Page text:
Rule cited the potential increase in fuel costs. 

“While we do want to hastily continue working on reversing climate change, I am always concerned about the impact on the consumer, especially our more vulnerable community members in my district,” Rule wrote in an email. “Many people who choose to live in our more rural areas do that because of the cost of housing being lower and I worry they will be disproportionately impacted by this potential cost increase.”  

On one level, their votes can be viewed as the most pragmatic kind of politics. House Democratic leaders and their deep-pocketed allies invested deeply in both races, and recent history urges caution in these matters. Former Rep. Brian Blake, D-Aberdeen, lost his race last year in the similarly rural 19th District even though he joined Shewmake in voting “no” on the 2019 and 2020 versions of the clean fuel standard.  

With a 56-42 majority, Democrats can afford to let vulnerable members off the hook on a tough vote so they’re around after the next election.

But we enjoy nuance here, and it’s good to have more than one reason for doing anything. 

Alternative to Carlyle’s cap-and-trade plan gets a hearing in his committee 

A proposal for a steep carbon tax to pay for a massive pandemic bonding package is getting a hearing in the Senate Energy, Environment and Technology Committee on Thursday, March 4. 

Senate Bill 5373, also known as the Washington STRONG Act, sponsored by committee vice chair Liz Lovelett, envisions a $25 per ton tax on carbon emissions. 

It’s a competing idea to committee chair Reuven Carlyle’s cap-and-trade proposal, which passed out of the committee last week. As we reported in December, an interesting angle here is that Lovelett, D-Anacortes, represents a city where two major oil refineries loom against the backdrop of the Cascade Mountains as you look east from downtown.5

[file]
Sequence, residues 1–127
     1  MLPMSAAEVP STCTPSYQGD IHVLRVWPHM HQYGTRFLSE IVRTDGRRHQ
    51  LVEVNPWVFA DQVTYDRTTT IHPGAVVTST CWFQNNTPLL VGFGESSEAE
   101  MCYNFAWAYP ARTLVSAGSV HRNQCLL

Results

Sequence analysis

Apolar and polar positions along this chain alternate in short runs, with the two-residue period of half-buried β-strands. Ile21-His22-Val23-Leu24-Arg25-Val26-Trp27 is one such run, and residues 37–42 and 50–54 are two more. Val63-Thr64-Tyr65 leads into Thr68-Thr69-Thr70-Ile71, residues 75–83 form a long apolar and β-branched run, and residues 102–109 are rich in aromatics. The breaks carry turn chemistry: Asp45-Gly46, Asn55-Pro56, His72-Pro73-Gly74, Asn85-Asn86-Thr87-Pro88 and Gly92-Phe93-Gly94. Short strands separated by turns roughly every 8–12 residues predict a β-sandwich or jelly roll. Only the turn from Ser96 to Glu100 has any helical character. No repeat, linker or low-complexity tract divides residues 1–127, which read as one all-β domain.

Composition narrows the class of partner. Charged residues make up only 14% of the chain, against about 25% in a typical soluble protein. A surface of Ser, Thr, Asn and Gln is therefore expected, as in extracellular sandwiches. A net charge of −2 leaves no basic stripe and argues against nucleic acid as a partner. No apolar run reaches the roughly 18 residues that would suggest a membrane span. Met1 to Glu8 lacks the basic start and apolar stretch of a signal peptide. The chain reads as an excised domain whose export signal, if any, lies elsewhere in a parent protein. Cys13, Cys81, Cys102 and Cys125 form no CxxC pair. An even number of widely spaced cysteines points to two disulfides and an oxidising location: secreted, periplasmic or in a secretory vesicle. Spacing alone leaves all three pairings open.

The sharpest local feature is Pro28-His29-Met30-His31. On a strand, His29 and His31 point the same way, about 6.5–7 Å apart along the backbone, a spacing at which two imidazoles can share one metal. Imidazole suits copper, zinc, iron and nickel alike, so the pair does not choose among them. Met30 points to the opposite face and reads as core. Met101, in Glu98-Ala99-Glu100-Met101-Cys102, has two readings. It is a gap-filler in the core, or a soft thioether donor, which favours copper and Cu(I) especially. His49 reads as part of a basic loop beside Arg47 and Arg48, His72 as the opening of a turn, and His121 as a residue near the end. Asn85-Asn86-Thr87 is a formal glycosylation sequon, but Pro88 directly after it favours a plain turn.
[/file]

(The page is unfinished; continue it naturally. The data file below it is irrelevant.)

Lovelett pointedly declined to support Carlyle’s cap-and-trade bill as it left the committee. Her proposal is supported by environmental justice advocates who view cap-and-trade’s market-based approach with suspicion. Critics of the system, a form of which has been in place in California for years, argue that it allows polluters to buy the right to keep poisoning their vulnerable neighbors, and generally drives pollution to where it’s cheapest to produce. Carlyle, D-Seattle, has been busily tweaking the bill in recent weeks in hopes of mollifying that opposition.

One of the attractions of Washington STRONG is that the tax would be used to back $16 billion in “green bonds” over 10 years, so lawmakers would have more money to spend sooner than under cap-and-trade. Among the drawbacks is the fact that Washington voters have rejected similar taxes with lower rates twice before, in 2016 and again in 2018. 

1 Trains, airplanes, and vessels are exempt. We’re talking about fuel for cars and trucks.

2 Utilities could earn credits for selling you power for your electric car, then sell the credits to the oil companies to help them meet the standard. You can see how the oil industry would start at no.

3 The oil industry was on the losing side in both races.

4 Shewmake is a sponsor of the House version of the Washington STRONG Act, which would impose a steep carbon tax on the refineries, so she’s not hiding behind her Ph.D. here. 

5 These are different refineries than the ones we talked about in the first item. One belongs to Marathon Oil, the other to Shell.

This piece is a lightly edited version of a post author Pual Queary published at the Washington Observer, Paul’s substack newsletter where he “follows the money” in Washington State politics. To get all of Paul’s Observer posts  in your in box, sign up here.

Paul Queary
Paul Queary
Paul Queary, a veteran AP reporter and editor, is founder of The Washington Observer, an independent newsletter on politics, government and the influence thereof in Washington State.